Barack Obama will give Gore a big part to play in his adminstration. Great news and a great move by Obama.
“I would,” Obama said. “Not only will I, but I will make a commitment that Al Gore will be at the table and play a central part in us figuring out how we solve this problem. He’s somebody I talk to on a regular basis. I’m already consulting with him in terms of these issues, but climate change is real. It is something we have to deal with now, not 10 years from now, not 20 years from now.”
Washington Post talks about Clinton and Obama tying the economy to the war in Iraq.
That is getting close to what this election is about. This election is fundamentally about the survival of this nation as a good place to live and as a positive force in the world.
There are two directions we can go. The first is the Bush/McCain way. We can allow entrenched multinational corporations to run our country in the best interest of their short term profits. This will involve using our tax dollars to maintain our control of the world and its resources by military might, and we will press on with fossil based fuels that we will try to steal from others. This will require enormous military expenditures, and a virtual fascist state. The world will be our enemy, and we will be perpetually at war. This will entail loss of our freedoms and civil rights, domestic spying, racial and religious intolerance, and turning away from transparency, and from intellectual and scientific pursuits. History and reality will be defined by the ruling class.
Our citizens will do without healthcare coverage, and major illnesses will result in bankrupcy for all but the wealthy. Our country will eventually go bankrupt, our currency will be worthless, and social security will vanish. We will do nothing to mitigate global warming.
Our citizens are already fed up with the corruption and sleazy politics, and our young people are turned off by, and to, the democratic process. Election of John McCain will further entrench those attitudes.
The other way is to elect someone who represents and gives hope to young people, who will go to the polls, who will demand some say in their future, who will demand that their tax dollars buy something useful, like universal healthcare. This way sees the rest of the world as a partner, not a slave or a colony. This way sees change as necessary, and will put money into generating new solutions, rather than holding on to the fossil fuels of the past and present. This approach will revitalize our economy. This is the way (we hope) Barack Obama can lead us. Some fear that he has not had enough experience. What presidents in the past have had “enough” experience? Lincoln? FDR? Teddy Roosevelt? Kennedy? Reagan? By the time you get a candidate with “enough” experience, they are in their sixties, and unable to inspire and lead those to whom the country really belongs.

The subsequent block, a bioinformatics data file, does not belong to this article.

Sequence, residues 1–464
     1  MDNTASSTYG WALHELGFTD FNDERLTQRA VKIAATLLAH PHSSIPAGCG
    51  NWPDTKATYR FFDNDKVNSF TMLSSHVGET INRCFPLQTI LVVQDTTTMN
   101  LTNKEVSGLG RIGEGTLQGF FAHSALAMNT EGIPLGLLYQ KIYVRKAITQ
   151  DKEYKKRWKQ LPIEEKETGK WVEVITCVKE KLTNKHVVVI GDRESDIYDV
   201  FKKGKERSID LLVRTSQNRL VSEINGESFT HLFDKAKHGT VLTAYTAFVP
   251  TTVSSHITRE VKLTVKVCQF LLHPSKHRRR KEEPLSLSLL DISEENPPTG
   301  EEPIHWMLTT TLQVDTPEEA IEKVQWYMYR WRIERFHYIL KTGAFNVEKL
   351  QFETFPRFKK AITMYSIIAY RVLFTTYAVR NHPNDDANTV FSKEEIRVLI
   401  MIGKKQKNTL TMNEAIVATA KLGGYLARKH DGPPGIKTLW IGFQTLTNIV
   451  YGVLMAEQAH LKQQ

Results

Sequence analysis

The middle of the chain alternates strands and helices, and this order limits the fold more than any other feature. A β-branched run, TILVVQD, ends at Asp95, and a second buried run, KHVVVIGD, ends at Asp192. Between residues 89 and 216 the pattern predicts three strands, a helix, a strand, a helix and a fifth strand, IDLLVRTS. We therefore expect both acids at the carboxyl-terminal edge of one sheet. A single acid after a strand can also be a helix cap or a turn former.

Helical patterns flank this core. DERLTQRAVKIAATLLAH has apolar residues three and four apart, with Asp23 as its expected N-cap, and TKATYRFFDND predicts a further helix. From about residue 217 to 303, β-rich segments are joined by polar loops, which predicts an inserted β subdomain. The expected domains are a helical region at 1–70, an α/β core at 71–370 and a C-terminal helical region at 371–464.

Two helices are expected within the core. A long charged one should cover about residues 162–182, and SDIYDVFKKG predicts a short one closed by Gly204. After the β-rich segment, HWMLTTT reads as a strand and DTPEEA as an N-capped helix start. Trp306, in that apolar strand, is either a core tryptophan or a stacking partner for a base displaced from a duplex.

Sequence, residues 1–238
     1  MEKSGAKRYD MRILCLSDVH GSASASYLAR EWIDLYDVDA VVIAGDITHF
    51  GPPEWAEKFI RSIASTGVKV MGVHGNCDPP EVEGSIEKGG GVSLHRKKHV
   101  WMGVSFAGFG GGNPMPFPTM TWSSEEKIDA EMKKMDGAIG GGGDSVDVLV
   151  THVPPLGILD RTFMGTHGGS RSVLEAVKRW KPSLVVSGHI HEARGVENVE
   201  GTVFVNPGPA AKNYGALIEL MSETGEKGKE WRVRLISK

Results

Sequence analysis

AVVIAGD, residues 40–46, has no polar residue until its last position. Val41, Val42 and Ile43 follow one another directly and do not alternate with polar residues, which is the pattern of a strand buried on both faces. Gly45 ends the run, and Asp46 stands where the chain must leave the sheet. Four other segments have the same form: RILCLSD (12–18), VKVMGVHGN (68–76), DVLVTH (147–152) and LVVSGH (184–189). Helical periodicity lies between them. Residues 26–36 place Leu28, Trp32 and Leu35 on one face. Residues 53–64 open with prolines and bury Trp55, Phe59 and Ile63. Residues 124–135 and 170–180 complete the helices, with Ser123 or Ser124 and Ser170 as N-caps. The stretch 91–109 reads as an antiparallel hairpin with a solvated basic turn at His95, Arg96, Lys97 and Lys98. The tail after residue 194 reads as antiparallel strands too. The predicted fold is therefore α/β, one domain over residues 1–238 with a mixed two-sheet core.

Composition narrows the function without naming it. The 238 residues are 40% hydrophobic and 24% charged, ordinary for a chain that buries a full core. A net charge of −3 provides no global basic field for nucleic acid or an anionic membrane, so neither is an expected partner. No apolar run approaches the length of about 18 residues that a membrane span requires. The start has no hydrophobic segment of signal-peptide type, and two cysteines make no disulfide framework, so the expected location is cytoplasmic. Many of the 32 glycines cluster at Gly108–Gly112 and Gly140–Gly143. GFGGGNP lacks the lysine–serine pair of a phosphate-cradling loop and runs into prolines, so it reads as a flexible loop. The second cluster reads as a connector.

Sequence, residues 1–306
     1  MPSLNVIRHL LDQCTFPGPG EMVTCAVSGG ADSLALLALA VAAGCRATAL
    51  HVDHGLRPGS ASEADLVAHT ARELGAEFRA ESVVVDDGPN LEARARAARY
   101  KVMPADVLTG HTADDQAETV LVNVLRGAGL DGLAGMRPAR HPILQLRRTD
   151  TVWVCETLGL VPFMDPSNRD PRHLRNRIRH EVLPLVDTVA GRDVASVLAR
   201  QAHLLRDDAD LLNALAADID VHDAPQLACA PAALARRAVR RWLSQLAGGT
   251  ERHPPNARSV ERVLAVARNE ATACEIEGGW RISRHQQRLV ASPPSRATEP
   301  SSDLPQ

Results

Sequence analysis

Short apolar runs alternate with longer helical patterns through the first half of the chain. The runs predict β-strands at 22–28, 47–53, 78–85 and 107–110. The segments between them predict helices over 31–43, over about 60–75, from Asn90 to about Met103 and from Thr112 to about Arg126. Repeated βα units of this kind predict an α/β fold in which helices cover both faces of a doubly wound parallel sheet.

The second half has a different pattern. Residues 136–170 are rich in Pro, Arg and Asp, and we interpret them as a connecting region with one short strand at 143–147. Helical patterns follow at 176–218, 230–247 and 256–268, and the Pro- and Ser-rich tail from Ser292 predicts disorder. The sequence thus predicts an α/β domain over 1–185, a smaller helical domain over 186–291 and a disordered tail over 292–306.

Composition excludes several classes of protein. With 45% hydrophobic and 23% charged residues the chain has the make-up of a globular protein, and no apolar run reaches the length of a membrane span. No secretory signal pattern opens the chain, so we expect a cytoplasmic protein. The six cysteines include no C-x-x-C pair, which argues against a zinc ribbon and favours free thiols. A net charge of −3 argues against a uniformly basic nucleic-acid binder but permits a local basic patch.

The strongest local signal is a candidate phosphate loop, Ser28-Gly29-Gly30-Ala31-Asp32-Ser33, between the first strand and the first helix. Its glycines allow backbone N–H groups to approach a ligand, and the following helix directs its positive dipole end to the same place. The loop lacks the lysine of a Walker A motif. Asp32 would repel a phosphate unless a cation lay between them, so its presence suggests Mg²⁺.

Barack Obama has a record as an intelligent and responsible leader, and is an inspiring person. He connects with the young; he can bring them into the process. He is the hope of this country and, I dare say, the world. It took me a while to figure out what Obama’s message was about…it seemed like empty rhetoric…but now I get it. This is about mobilizing our people, and taking back our country. It’s leadership. Hillary Clinton is not the person who can do this. She represents the aspirations of millions of women, but she just can’t inspire large numbers of people to enter the system. Perhaps that is sad. Already she has become a less admirable figure, because of the lies and slurs she has employed in the campaign. She cannot bring more people into the process and she cannot win against John McCain, even if she were to defeat Obama for the nomination by sleazy tactics.
It seems ironic that Texas would be the state that can decide the issue. A year ago, who would have expect that an African American could win a primary there? No one who has ever lived there, I can tell you that. But let’s see if it happens. It would be a powerful statement.
Let me convey what I thought was a simple and unremarkable fact I told Munro in an interview in November and one of the Lancet authors emailed Cannon the details of how the survey was funded. My center at MIT used internal funds to underwrite the survey. More than six months after the survey was commissioned, the Open Society Institute, the charitable foundation begun by Soros, provided a grant to support public education efforts of the issue. We used that to pay for some travel for lectures, a web site, and so on.
OSI, much less Soros himself (who likely was not even aware of this small grant), had nothing to do with the origination, conduct, or results of the survey. The researchers and authors did not know OSI, among other donors, had contributed. And we had hoped the survey’s findings would appear earlier in the year but were impeded by the violence in Iraq. All of this was told repeatedly to Munro and Cannon, but they choose to falsify the story. Charges of political timing were especially ludicrous, because we started more than a year before the 2006 election and tried to do the survey as quickly as possible. It was published when the data were ready.
The New York Post and the Sunday Times of London, both owned by Rupert Murdoch, followed the WSJ editorial and trumpeted the Soros connection and the supposed “fraud” which Munro and Cannon hinted. “$OROS IRAQ DEATH STORY WAS A SHAM” was a headline in the Post, which was followed by a story in which scarcely anything stated was true.
The charges of “fraud” that were also central to the National Journal piece were based on distortions or ignorance of statistical method, such as random sampling and sample size, or speculations about Iraqi field researchers fabricating data. Nothing close to proof of misdeeds was ever offered.